Make disability inclusion the norm
In recognition of International Day of Persons with Disabilities, Adobe employee Sipan Asatryan shares his hopes for the future of inclusivity and accessibility.
Today, Sipan Asatryan describes himself as many things: father, husband, son, folkdancer, hiker, world traveler, accessibility engineer at Adobe, and also, blind.
However, growing up in rural Armenia, the message he often received was that his disability limited him and was something to be pitied or ashamed of. But at age 20, his life was transformed when he met educators who showed him how to navigate the world using a white cane—opening up a new chapter of independence and freedom.
In the story he shared during Adobe For All Week, Adobe’s annual internal diversity, equity, and inclusion event, Sipan described how that simple adjustment had an enormous impact, and why it inspired him to work to enable people with disabilities to live independent lives.
We talked with Sipan about why he decided to share his story and why he wants to change the way people think about disability.
Why did you feel it was important to share your story broadly with employees?
I wanted to talk about my experiences and share information about what it’s like to have a disability. I think there are a number of stereotypes about people with disabilities—that they aren’t skilled or that they only have limitations—that are absolutely untrue. My hope is that people will think differently about disability after hearing my story.
What kind of response did you receive from people who listened to your story?
I got comments from people all over the world who said my story inspired them. I have thousands of followers on Facebook in my country, and I also shared the video there and received a very positive response. It was very touching to know my story reached and inspired so many people.
What do you want to change about people’s perception of disability?
I think many people currently have it backwards. I want them to understand that people with disabilities are not limited because of some physical attribute they have. They are limited because others assume there’s not a way to include those who have different abilities.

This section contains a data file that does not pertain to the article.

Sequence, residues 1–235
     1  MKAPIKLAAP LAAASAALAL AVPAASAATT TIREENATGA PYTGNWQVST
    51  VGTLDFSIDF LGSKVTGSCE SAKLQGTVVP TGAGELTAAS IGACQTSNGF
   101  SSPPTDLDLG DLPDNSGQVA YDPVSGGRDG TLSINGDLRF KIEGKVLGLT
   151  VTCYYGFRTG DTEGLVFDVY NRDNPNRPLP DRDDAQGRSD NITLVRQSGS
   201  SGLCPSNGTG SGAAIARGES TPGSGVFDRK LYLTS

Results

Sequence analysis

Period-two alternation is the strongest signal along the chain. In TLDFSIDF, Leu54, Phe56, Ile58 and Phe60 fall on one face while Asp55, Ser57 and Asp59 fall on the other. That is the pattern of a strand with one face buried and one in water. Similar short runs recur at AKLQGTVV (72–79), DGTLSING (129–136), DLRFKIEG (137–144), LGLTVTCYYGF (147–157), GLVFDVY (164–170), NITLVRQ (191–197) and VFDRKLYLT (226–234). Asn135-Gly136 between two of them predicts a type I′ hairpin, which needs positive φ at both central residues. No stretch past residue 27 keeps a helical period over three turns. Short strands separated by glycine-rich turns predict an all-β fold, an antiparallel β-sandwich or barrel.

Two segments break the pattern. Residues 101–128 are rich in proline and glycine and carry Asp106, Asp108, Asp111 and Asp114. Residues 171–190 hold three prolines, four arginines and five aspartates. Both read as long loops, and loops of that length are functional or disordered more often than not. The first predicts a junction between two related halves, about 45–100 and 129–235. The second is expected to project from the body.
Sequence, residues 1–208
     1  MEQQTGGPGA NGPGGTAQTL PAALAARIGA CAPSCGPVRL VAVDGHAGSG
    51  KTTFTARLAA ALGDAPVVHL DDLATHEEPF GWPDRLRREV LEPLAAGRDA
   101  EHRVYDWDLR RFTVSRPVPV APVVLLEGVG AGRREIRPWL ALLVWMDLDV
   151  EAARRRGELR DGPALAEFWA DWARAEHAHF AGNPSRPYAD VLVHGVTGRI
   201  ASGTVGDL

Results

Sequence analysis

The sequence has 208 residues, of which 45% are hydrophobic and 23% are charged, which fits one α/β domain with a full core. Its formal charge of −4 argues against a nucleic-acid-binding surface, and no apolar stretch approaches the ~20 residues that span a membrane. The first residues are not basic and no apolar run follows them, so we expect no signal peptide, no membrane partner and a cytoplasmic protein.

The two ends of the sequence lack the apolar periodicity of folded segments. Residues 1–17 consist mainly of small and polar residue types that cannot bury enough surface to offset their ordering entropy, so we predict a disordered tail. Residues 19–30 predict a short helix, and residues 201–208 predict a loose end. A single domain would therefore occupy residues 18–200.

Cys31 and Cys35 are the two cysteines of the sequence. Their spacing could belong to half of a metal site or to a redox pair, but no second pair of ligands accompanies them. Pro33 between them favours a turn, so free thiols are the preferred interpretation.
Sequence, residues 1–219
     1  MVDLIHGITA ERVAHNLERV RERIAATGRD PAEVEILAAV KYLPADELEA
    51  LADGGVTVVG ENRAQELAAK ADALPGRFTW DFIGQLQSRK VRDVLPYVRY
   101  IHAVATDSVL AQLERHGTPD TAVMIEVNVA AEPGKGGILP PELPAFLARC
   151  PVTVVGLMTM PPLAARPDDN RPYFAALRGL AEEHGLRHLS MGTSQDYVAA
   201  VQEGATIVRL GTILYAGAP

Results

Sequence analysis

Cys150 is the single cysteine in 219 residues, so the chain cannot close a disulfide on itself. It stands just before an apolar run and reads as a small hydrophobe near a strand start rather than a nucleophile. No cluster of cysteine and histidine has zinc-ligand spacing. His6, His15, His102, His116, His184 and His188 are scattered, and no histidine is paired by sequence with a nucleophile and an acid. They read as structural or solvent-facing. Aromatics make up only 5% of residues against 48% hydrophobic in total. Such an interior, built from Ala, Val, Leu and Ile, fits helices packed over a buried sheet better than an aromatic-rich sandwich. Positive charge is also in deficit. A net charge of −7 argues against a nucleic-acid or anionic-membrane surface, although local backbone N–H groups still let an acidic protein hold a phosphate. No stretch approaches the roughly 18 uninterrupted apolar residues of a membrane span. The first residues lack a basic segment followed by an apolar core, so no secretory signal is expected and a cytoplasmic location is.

For instance, I can navigate my surroundings using my hearing, something that sighted people usually can’t do well if they close their eyes. That’s not a limitation; it’s just a different way of doing the same thing. We can include everyone, often just by making a few adjustments.
What kind of adjustments can we make to be more inclusive?
It’s important to consider that exclusion doesn’t have to be the norm. Inclusion might require additional equipment or facilities, but it can also be as simple as changing how you think about a situation.
For example, when I joined my dance group, I could tell people thought my presence was strange at first and were very nervous. They thought they had to speak or interact with me in a special way, but all they had to do was talk to me! The adjustment we made so I could learn the dances was that the teacher showed me the steps by moving my hands to demonstrate. It was that easy.
I want people to know that even though conditions might be different, there’s no reason people with disabilities shouldn’t have equitable access to the same opportunities.
Do you feel public perception about accessibility is changing?
Yes. With social media, TV and movies, and government efforts, people with disabilities are becoming more visible and vocal. I think that has helped spread information and help others understand what we experience. The younger generations, especially, are communicating and learning about these topics more than any before them, and they are more open to making positive changes.
I live in Armenia, and I’m starting to feel that inclusion is now a priority for my country, too. For example, public transportation in my city is changing to be more accessible for people with disabilities, and it makes me glad. I’m hopeful that there will be more changes like this.
What is your vision for the future of inclusion and accessibility?
One of my goals is to forge a path for the next generation of people who are blind, to create a world where people don’t look down on them and where they can live independently. I’ve started working towards this goal as an independent living teacher for people who are blind, and it’s made me so happy when my students—who also became my good friends—enter university, start a career, or just have their own independence. It’s something I want to continue because everyone, including people with disabilities, should have equal rights and equitable opportunities